Finding free Irish language resources can be a daunting task, especially putting them together in one place but that’s what this post is exactly for.
These are some of the top resources that I use when I’m trying to perfect my pronunciation, particularly as I’ve an interest in Gaelainn Chorca Dhuibhne.
Free Irish language resources that will help you with pronunciation:
If you’re ever stuck on how to pronounce something that’s not just a single word, head to Abair.ie where they have a vocal synthesiser built into the site.
– Three dialects are represented, Connacht, Corca Dhuibhne, and Gaoth Dobhair.
– You can slow the sentences down, speed them up and change from a male to a female voice for playback.
– The site also has a brilliant breakdown of Irish sounds and spellings on a separate page on site here with sound files as well.
– Website is available in Irish and English.
– It takes a bit of time to get used to the synthesiser as it sounds a bit tinny.
If you’re planning on perfecting your pronunciation, then Fuaimeanna.ie is super useful. It’s a website that highlights the International Phonetic Alphabet in relation to the Irish language something that is so overlooked by learners (and myself too). I use a shadowing method when I use the site where I repeat out loud again and again.
– Native Irish speakers have created the sound files from Gaoth Dobhair, An Cheathrú Rua, and Corca Dhuibhne.
– Real examples of IPA in action with Irish words.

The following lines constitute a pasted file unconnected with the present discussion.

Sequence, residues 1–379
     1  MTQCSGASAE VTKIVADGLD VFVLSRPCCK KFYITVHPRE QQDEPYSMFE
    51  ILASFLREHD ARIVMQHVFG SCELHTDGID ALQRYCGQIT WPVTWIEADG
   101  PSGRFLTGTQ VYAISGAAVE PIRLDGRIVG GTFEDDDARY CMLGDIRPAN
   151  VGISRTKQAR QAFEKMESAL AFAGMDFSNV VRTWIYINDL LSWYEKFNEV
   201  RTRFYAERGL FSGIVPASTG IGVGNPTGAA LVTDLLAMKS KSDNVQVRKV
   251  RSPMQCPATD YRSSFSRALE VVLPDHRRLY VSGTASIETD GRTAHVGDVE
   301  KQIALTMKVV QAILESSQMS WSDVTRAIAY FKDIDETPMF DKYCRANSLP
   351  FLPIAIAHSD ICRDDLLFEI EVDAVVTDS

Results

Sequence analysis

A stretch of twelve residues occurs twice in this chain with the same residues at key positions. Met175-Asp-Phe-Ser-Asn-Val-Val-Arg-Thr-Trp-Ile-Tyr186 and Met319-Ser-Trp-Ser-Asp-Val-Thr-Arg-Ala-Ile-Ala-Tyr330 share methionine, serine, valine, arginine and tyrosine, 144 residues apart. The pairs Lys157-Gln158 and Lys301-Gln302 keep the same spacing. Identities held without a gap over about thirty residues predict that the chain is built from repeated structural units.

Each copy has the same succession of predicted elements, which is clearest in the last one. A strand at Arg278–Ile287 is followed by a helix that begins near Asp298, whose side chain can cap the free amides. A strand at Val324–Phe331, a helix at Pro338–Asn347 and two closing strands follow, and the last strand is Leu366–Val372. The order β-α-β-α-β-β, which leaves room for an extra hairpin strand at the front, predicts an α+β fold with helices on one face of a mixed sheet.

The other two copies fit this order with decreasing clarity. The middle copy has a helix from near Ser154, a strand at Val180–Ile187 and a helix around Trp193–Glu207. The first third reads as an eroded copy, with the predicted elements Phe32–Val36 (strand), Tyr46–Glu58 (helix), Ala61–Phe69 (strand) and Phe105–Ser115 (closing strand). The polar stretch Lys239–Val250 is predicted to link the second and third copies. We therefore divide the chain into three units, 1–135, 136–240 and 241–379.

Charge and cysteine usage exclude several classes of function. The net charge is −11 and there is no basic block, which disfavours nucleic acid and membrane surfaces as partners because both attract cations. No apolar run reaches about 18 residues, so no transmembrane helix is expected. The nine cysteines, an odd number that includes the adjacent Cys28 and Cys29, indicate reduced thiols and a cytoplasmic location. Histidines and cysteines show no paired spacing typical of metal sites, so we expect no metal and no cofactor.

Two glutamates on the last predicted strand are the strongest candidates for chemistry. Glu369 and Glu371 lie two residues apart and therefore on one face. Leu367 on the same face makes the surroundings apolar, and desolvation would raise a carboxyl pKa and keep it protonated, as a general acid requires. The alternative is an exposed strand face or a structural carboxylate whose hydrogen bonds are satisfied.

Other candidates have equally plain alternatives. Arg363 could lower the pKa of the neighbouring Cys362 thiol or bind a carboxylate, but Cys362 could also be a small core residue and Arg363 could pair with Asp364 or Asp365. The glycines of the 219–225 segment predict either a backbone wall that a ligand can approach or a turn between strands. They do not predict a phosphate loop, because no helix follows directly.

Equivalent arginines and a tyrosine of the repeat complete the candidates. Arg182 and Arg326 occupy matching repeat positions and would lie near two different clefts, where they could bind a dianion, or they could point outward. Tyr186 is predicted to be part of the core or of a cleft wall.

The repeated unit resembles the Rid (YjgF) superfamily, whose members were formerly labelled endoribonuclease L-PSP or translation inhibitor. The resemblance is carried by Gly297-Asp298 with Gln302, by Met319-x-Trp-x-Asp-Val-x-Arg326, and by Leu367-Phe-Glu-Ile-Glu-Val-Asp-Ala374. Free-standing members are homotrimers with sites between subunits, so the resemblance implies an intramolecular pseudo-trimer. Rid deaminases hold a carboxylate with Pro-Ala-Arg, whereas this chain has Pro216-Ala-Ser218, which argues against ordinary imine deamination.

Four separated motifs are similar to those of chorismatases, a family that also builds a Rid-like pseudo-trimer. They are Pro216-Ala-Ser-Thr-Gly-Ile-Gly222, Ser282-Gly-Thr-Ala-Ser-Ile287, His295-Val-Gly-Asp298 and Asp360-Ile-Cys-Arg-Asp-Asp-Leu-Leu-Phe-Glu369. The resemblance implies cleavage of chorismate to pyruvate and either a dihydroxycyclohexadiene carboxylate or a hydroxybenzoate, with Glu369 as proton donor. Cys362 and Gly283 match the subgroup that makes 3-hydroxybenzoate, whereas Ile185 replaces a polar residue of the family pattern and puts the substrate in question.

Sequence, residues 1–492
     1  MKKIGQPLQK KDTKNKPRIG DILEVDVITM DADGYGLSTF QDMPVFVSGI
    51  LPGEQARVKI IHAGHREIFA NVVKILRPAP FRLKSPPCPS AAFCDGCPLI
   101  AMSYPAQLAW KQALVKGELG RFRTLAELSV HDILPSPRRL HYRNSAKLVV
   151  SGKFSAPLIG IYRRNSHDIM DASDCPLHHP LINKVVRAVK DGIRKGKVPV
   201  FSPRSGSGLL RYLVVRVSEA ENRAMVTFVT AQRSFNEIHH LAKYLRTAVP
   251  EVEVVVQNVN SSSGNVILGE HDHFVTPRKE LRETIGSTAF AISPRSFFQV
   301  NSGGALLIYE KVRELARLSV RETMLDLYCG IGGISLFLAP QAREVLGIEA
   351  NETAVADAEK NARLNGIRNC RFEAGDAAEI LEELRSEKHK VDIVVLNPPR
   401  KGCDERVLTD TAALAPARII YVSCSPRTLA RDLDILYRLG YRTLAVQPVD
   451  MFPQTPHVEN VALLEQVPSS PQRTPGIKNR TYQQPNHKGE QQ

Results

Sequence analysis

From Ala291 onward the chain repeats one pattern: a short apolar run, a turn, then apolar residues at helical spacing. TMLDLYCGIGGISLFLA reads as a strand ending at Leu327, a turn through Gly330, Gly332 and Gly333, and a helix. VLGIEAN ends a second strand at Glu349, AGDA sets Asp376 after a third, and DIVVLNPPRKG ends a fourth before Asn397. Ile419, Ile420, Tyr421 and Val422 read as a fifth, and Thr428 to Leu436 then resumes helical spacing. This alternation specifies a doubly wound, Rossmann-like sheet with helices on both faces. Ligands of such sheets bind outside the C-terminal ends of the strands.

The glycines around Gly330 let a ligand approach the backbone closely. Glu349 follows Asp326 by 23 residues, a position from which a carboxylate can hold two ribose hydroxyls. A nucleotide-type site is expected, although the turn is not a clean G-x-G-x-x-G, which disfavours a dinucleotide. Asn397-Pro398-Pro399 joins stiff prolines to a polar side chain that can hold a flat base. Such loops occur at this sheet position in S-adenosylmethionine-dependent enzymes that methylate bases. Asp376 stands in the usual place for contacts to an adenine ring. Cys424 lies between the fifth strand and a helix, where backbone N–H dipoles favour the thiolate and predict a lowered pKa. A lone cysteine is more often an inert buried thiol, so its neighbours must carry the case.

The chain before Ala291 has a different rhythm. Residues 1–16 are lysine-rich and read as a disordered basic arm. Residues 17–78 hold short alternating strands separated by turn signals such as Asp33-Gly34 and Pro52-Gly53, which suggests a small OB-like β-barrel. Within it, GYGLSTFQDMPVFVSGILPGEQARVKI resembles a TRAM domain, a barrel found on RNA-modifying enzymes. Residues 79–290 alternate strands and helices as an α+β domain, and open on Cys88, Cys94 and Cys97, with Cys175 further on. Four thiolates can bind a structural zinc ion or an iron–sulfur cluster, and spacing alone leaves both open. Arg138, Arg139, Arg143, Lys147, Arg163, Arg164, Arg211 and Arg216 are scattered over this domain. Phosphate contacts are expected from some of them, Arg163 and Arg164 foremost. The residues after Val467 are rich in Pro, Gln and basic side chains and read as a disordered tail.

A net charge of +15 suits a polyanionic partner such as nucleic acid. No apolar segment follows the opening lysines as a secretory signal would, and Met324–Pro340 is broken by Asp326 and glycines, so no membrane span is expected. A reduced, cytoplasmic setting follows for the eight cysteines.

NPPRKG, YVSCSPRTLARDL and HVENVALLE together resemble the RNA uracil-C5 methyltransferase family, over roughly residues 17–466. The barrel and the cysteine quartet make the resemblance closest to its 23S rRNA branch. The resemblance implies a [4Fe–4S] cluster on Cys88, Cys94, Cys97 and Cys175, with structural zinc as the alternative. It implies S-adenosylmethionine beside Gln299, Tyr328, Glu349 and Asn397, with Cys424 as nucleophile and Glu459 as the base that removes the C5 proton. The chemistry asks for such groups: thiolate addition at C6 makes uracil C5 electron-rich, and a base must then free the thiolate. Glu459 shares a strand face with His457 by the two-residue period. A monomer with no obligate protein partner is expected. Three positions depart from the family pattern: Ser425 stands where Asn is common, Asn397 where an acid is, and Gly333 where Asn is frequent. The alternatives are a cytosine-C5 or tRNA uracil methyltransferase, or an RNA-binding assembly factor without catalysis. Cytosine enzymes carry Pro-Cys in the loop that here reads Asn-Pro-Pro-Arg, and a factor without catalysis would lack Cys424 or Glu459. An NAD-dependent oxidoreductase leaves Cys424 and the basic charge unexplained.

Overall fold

– Website available in Irish and English
– You can get a glossary of terms and a free chapter on site here.
– You need to put a lot of work into this to get the most of it. I own the accompanying book and while I really like it, it’s written entirely in Irish which feels a bit counter-intuitive when you’re trying to perfect your pronunciation. Plus the description of the book on site is “a beginner’s course in phonetics and phonology” which it isn’t since it’s entirely written in Irish.
3. Raidió na Gaeltachta
I’ll hammer this home but the best native Irish language presenters to listen to with superb pronunciation are on Raidió na Gaeltachta. While other stations can be good, the standard of speakers can vary which is understandable. However, RnaG, is an institution full of fantastic speakers.
– Top-quality native Irish language speakers.
– You can download podcasts from different shows here!
– The episodes are taken off the website after a while so make sure you download the ones you want.
Molscéal is basically a condensed version of Nuacht TG4’s stories and it’s a wonderful resource.
– Great selection of modern content
– Lovely older content too such as “on this day”
– You can organise the site by region e.g. I set it to Munster to see just stories from there.
– On the main site, you can only go back 6 pages for each topic, however, if you use the search bar for a specific word e.g. Ciarraí, then it goes further back in time.
– Entire site is in Irish (which is fine for me but might not be for you if you’re just starting out!)
Less about perfecting your pronunciation, this is more about acknowledging how rich the language is. This archive of Irish dialect sound recordings was made during 1928-31 and contains folktales, songs, and other material recited by native Irish speakers from 17 counties.
– Rich, dialectal, important content kept safe here on site.
– Transcripts are available too in Irish as well as translations
– You can download audio files.
– Footnotes and commentary on stories told on site
– The sound files can be hard to listen to and decipher at times.
– Some of the transcriptions are missing.